While a bagpiper played at the monument above the village of Braxton in Northumberland and Clive Hallam Barker, a historian, gave guided tours of the battlefield, there was little official ceremony, The Scotsman reported. Many of the visitors came on their own.
James was the last king in the British Isles to be killed in battle.
A big celebration is planned next year for the 600th anniversary of Scotland's most celebrated victory, the Battle of Bannockburn. Donald Smith of the Scottish Storytelling Center said the emotions surrounding Flodden are more complicated.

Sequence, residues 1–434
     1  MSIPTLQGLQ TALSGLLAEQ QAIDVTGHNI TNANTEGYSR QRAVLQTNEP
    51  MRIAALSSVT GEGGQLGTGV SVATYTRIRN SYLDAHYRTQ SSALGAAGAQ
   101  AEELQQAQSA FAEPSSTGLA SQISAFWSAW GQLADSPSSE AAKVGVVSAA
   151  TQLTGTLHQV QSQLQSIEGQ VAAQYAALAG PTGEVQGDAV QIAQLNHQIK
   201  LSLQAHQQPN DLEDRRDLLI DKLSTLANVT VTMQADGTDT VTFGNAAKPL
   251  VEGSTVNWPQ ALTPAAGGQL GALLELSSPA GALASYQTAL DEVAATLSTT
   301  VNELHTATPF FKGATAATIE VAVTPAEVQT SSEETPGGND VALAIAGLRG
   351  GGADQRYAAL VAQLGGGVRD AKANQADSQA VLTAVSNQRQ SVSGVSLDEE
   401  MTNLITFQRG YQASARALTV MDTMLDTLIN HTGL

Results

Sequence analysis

"Scotland never really recovered from this -- it is the beginning of the end as an independent country," he said. "I think it is interesting that so many people have come here for their own reasons of their own volition."
Father and son Harold and Kirk Hansen from Wisconsin were at the battlefield. Harold Hansen said they had ancestors who lived in the Borders region and may have fought at Flodden.
"It's so shocking that so many died in such a short time, not just on the Scots side but both," he said. "It's a very visceral experience coming here."
Margaret Ann Fletcher, a 21-year-old history student from Falkirk, said she feels like Flodden has been "swept under the carpet."
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